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TO MY MOTHER IN HEAVEN.
From Lily Leaves. MOTHER, in this strange city, this Babylon of
strife, Midst the din and rolling mist of the battle
field of life, I often pause to think of thee; and thoughts,
with mystic flight, Carry me back on wings of love to days of past
delight. I dream I see thy loving eyes look fondly into
mine, Those eyes that beam'd with sacred light o'er
words and works divine; I dream thou still art smiling 'midst the spring flowers young
and fair, Once nurtured by thy loving hand, and tended
by thy care. Oh! still in thought I see thee- I hear thy
fond 'good night;' I see thy smiling countenance, that thrill'd me
with delight; I hear the echo of thy voice, in accents low
and sweet; And I cannot help but fancy that again we
soon shall meet.
But, oh! 'tis only memory-I know that, cold
and chill, They laid our treasure in the dust in the bosom
of the hill; Pale are the cheeks o'er which once beamed,
like sunbeams o'er the sea, The tenderest, dearest smiles of love that earth
can give to me. I often pray'd when thou wert here that God
would take me first, And in my selfish heart this hope with miser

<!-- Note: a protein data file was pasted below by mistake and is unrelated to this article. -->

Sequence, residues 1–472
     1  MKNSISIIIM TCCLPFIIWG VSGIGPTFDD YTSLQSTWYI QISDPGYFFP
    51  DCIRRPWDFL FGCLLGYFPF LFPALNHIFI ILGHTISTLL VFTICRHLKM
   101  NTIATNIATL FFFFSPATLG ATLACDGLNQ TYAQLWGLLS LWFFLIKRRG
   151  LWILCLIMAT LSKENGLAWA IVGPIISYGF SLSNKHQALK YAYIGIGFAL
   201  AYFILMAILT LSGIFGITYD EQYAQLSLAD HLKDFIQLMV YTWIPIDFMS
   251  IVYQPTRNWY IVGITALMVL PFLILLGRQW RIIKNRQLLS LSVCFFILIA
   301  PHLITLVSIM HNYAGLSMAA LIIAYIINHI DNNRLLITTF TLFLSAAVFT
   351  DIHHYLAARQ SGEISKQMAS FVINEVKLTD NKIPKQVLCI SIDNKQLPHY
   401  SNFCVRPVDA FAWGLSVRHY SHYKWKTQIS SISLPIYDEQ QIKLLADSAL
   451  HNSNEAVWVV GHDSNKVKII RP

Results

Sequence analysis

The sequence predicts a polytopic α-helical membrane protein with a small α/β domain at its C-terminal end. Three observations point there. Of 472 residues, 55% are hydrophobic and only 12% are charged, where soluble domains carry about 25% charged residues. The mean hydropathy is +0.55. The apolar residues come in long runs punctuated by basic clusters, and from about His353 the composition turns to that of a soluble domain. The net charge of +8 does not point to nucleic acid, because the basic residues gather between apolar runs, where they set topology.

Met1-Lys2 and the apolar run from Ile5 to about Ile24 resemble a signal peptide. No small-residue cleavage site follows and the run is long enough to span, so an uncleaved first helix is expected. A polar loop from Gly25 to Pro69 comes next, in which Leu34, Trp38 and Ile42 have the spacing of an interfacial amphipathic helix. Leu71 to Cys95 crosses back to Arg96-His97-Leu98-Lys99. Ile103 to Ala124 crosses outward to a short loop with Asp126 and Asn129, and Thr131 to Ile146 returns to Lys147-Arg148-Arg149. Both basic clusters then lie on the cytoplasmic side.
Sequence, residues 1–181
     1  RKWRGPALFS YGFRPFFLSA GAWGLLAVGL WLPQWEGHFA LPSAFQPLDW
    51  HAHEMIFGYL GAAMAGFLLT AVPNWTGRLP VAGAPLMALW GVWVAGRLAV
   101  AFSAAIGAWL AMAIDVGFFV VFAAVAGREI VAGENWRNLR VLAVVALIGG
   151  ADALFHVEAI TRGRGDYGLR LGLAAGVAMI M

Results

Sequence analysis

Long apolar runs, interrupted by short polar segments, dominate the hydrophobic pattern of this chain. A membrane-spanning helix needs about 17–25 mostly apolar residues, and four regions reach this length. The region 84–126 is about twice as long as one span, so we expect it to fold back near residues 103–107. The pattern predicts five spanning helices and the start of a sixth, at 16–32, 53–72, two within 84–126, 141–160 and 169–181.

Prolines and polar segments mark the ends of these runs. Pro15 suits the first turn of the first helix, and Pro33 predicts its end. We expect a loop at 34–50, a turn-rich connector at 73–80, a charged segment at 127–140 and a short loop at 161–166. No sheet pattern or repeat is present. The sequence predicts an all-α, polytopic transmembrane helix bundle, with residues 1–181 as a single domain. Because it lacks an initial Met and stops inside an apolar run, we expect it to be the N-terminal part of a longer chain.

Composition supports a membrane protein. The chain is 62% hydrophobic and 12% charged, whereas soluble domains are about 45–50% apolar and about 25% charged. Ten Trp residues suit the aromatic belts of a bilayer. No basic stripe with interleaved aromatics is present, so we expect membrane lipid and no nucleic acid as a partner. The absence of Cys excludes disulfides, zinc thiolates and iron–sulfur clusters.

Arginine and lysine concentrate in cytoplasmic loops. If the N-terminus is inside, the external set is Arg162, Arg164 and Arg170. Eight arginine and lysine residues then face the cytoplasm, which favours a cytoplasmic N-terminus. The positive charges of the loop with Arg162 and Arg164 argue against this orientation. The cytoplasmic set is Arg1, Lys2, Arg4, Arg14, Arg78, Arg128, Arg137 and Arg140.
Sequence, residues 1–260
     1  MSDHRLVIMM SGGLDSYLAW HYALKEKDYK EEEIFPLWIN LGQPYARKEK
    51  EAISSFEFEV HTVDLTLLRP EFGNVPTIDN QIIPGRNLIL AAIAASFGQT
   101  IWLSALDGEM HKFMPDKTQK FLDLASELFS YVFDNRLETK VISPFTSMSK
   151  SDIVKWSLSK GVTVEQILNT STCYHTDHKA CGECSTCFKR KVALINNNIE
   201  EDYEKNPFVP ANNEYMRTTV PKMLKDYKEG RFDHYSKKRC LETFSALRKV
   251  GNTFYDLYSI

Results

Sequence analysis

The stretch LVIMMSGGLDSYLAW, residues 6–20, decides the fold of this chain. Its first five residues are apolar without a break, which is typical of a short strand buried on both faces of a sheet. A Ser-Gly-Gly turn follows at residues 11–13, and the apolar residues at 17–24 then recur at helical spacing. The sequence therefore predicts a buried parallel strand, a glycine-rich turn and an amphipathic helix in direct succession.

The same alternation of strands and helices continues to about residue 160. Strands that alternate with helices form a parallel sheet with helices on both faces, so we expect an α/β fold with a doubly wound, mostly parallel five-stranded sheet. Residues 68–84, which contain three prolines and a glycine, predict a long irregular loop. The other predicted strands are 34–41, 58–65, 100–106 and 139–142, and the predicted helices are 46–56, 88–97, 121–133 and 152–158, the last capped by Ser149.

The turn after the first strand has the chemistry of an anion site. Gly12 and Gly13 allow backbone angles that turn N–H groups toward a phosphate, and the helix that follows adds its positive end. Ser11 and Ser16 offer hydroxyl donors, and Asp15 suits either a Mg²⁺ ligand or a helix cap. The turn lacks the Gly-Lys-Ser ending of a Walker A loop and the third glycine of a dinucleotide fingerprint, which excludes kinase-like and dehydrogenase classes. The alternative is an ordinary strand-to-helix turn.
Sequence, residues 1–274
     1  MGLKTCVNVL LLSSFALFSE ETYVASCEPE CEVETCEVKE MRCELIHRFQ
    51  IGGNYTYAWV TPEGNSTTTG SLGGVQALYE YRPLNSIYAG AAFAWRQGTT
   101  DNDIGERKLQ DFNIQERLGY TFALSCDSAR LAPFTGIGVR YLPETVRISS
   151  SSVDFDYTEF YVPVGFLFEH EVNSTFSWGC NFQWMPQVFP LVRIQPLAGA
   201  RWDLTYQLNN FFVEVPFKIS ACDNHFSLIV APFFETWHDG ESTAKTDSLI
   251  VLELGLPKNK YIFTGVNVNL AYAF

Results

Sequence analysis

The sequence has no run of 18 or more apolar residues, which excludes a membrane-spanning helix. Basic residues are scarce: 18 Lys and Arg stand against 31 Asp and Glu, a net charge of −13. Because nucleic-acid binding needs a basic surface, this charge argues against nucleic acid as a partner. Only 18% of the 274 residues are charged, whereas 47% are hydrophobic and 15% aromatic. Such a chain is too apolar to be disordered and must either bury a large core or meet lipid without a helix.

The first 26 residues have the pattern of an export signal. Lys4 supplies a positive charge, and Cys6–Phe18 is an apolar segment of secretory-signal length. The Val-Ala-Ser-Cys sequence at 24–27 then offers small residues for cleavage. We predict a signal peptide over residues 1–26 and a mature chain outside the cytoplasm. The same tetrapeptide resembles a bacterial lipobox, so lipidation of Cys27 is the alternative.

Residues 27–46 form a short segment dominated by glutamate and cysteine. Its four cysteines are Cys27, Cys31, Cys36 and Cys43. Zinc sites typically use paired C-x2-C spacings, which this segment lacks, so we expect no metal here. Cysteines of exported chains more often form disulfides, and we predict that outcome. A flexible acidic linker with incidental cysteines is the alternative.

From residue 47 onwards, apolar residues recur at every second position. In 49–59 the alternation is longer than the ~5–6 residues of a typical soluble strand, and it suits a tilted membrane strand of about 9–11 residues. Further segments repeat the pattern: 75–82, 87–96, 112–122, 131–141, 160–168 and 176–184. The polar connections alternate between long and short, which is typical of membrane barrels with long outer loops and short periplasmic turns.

care I nursed; And, oh! if sinful be such thoughts, I pray to
be forgiven, Yet would that God would take me too, or
bring thee back from heaven. I dare not think that o'er thy head the stone
of death is rolled ; That now thy dear, dear fingers are as frozen
snowdrops cold; That the lips are clos'd for ever that press’d thy
loving child, That hush'd for ever is the voice that all my
cares beguiled. Oh no! 'twere sinful if I thought of thee like
this alone, Thou bright inhabitant of heaven, before the
For though without the gate, in tears, my
thoughts rise from the sod, I know that thou art gone to rest with the
household of our God. And though thou dwellest here no more, still
darling mother mine, Smile on me from the world of light a smile of
peace divine; Oh, touch me with thine angel-wings, as with
a kiss of love, And often come to me in dreams, sweet mother,
Yes, mother! be as thou hast been-my guar
dian angel here; Subdue my grief, bring strength from heaven,
and wipe the falling tear; And if I cannot, night and morn, feel now thy
fond caress, 0, mother, from the realms of bliss, cease not
thy child to bless.
THE TWO ANGELS.
Pass' o'er the village as the morning broke;
Their attitude and aspect was the same,
Alike their features, and their robes of white; But one was crowned with amaranth, as with
flame, And one with asphodels, like flakes of light.
I saw them pause on their celestial way; Then said I, with deep fear and doubt
oppressed : • Beat not so loud, my heart, lest thou betray
The place where thy beloved are at rest!'
And he who wore the crown of asphodels,
Descending, at my door began to knock; And my soul sunk within me, as in wells
The waters sink before an earthquake shock.
I recognised the nameless agony,
The terror and the tremor and the pain, That oft before had filled and haunted me, And now returned with three-fold strength
The door I opened to my heavenly guest,
Dared neither to lament or to rejoice.